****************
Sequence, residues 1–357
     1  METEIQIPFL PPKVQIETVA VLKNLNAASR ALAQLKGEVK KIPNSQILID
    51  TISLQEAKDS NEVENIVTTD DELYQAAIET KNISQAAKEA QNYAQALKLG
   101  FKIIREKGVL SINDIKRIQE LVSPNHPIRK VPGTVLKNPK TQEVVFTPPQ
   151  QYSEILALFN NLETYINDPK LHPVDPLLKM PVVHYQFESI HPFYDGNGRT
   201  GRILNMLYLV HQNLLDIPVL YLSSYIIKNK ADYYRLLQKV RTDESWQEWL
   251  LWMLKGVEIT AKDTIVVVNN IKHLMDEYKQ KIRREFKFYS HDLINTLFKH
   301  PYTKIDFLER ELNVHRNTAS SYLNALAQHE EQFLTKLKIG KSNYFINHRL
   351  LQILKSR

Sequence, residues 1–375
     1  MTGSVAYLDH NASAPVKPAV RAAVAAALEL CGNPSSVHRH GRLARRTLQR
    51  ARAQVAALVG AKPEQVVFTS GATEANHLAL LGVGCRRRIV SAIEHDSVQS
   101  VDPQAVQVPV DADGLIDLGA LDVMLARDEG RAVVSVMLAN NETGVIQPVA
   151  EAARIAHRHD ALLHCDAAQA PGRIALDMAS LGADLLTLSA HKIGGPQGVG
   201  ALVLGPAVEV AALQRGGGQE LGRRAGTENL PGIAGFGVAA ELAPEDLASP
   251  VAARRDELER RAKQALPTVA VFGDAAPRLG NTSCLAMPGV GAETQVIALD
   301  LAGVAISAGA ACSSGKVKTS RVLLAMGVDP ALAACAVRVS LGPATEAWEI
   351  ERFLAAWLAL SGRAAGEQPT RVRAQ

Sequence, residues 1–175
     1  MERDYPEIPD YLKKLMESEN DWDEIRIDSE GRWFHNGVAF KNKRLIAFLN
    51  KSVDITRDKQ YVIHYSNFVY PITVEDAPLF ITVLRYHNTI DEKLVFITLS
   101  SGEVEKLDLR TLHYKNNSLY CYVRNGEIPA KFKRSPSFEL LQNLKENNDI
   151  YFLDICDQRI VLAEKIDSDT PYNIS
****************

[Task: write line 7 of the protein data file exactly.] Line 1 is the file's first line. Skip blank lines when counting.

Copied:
   251  LWMLKGVEIT AKDTIVVVNN IKHLMDEYKQ KIRREFKFYS HDLINTLFKH